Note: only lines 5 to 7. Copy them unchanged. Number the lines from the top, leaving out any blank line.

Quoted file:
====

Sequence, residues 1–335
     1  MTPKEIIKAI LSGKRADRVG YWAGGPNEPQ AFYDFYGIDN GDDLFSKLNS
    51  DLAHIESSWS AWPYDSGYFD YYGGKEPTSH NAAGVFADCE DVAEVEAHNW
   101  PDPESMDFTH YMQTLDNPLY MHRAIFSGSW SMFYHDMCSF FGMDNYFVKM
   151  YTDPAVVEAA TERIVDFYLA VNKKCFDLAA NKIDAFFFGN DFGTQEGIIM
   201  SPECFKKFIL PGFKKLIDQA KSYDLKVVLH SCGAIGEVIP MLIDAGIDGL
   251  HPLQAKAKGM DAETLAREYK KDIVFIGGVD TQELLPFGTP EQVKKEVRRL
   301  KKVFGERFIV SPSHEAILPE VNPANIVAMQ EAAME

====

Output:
   151  YTDPAVVEAA TERIVDFYLA VNKKCFDLAA NKIDAFFFGN DFGTQEGIIM
   201  SPECFKKFIL PGFKKLIDQA KSYDLKVVLH SCGAIGEVIP MLIDAGIDGL
   251  HPLQAKAKGM DAETLAREYK KDIVFIGGVD TQELLPFGTP EQVKKEVRRL